Would Georg and Gerlinde have been happy together if their parents had been truthful? Christoph Nussbaumeder’s debut novel is about far more than a failed love; it’s the story of the rise of a family and the societal panorama of a country over a century.
By Marit Borcherding
A colossal slice of a tree trunk adorns the cover of Christoph Nussbaumeder’s first novel Die Unverhofften (The Unexpected). Fitting, as over a narrative span of almost 700 pages we get to know the Hufnagel and Schatzschneider families, including their private and economic entanglements, in seven books that follow one another chronologically like growth rings from 1900 to the present day. And the slice of the tree also stands for the material on which the wealth of the Hufnagels is based: timber, felled in the Bavarian Forest near the German-Czech border.
At the beginning of the twentieth century, however, the family owned a glassworks. There, the workers fight for their rights and the domestic Maria has to fend off the advances of the works owner Siegmund Hufnagel. He wants to prevent her emigration to America, he blackmails her, he rapes her. Out of revenge and anger, Maria sets the glassworks on fire – after killing her child. There is nothing left for her but to flee, to “set off into the unknown.”
Dramatic twistsIt’s a prelude to the actual story that could hardly be more eventful; the signature of the long-time successful playwright Nussbaumeder. His novel is a page-turner that constantly puts his players in dramatic and extraordinary situations, leading them to life crossroads that ensure his readers feel lasting empathy and curiosity about them. While his narrative of even the most unheard-of circumstances is rather reserved, sometimes even aloof, it has none of the usual maudlin, obtrusive tone we often find in family sagas.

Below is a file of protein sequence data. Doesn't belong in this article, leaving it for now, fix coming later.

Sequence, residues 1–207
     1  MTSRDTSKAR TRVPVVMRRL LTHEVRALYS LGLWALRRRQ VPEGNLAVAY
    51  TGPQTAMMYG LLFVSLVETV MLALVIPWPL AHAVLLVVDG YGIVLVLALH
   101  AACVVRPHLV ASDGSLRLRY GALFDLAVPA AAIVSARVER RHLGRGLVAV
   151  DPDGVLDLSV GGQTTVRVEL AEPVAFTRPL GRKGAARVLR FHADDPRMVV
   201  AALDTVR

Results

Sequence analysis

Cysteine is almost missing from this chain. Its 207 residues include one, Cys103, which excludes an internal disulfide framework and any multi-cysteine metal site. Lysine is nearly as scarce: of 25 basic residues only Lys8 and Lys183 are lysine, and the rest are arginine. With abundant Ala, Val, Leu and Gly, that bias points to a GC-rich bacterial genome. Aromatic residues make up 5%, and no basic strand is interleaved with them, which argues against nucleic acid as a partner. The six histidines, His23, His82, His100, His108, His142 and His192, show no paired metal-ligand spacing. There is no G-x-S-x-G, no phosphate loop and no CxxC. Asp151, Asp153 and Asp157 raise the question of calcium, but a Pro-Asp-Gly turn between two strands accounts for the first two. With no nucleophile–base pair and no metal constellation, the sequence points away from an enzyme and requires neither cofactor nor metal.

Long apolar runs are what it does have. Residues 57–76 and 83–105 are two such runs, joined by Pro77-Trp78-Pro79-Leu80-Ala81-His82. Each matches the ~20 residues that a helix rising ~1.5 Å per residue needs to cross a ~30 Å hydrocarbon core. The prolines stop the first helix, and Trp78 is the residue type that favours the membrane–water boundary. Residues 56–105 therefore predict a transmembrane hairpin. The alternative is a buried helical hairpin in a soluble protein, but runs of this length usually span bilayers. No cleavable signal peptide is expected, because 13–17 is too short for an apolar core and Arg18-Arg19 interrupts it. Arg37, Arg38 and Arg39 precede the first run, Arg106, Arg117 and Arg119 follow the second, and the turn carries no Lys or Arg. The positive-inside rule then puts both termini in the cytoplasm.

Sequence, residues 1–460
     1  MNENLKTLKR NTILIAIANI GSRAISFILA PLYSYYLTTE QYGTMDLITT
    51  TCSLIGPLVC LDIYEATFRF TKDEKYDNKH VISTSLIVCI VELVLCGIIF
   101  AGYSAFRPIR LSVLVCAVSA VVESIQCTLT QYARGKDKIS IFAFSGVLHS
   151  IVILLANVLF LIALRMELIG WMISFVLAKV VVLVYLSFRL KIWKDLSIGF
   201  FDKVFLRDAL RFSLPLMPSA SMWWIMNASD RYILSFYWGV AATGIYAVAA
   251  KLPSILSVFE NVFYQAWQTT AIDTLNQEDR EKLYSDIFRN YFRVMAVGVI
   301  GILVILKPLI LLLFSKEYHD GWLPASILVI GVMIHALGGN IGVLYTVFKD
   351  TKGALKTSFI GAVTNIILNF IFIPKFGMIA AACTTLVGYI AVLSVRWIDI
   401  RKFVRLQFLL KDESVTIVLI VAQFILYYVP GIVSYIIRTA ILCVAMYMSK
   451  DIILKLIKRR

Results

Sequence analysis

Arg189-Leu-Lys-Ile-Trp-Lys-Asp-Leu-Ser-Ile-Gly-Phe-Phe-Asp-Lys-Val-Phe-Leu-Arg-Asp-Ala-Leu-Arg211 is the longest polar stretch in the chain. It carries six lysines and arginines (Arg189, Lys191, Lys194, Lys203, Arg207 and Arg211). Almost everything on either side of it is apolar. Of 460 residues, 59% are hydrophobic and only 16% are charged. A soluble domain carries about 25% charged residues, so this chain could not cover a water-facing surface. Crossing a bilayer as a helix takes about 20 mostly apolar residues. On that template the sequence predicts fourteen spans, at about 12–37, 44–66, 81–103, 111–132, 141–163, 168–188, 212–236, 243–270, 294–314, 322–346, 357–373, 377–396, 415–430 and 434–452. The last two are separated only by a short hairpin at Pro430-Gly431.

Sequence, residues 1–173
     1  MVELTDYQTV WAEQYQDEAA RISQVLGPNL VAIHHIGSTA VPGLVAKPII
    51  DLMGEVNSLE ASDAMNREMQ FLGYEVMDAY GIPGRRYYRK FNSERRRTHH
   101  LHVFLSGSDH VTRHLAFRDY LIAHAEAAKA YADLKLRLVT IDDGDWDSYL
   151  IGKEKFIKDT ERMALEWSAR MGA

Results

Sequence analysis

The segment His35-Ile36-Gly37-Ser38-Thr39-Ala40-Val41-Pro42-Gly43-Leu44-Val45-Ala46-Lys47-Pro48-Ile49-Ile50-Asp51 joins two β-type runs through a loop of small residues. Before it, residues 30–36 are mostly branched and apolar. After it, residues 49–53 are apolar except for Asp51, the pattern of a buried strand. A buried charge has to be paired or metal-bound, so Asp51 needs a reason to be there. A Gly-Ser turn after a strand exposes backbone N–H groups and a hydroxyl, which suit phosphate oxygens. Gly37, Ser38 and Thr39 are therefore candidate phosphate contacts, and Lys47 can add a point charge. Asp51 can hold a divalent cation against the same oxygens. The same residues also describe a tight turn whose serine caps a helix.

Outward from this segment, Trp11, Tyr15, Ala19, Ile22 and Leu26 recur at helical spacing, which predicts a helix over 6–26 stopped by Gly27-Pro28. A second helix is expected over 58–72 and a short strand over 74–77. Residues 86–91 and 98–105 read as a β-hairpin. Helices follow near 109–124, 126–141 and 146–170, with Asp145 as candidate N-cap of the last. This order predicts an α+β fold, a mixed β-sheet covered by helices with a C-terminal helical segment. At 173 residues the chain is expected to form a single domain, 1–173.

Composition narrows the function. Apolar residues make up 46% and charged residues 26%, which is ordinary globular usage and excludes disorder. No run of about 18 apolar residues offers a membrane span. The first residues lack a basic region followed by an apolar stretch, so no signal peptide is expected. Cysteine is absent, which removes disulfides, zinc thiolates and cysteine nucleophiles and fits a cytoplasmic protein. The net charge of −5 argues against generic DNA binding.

The story jumps from the arson around 1900 straight to 1945. Thanks to ample insurance money, on the remains of the glassworks, which had already become unprofitable, a sawmill was built and successfully run by Josef Hufnagel. After the victory of the Allies over the Nazi dictatorship, he wasn’t the only person in Germany who tried to sweep any indication of ties to the former regime under the rug. And he manages to make a utile impression on the US occupational forces. This could all turn out splendidly if it weren’t for Erna Schatzschneider. She is one of the generally despised displaced persons and the daughter of Maria who fled earlier in the story. Erna confronts him with her pregnancy. Josef isn’t the father, but Erna makes him think he is to ensure her own survival and that of her child. Josef promises to help if she hides the fact that the child is his. In the end, only too happy to see himself as a dynastic patriarch and willing to pass his legacy on to the next generation, and because he is also drawn into politics, he promotes his supposed son Georg in excess and soon hands over the management of the sawmill to him.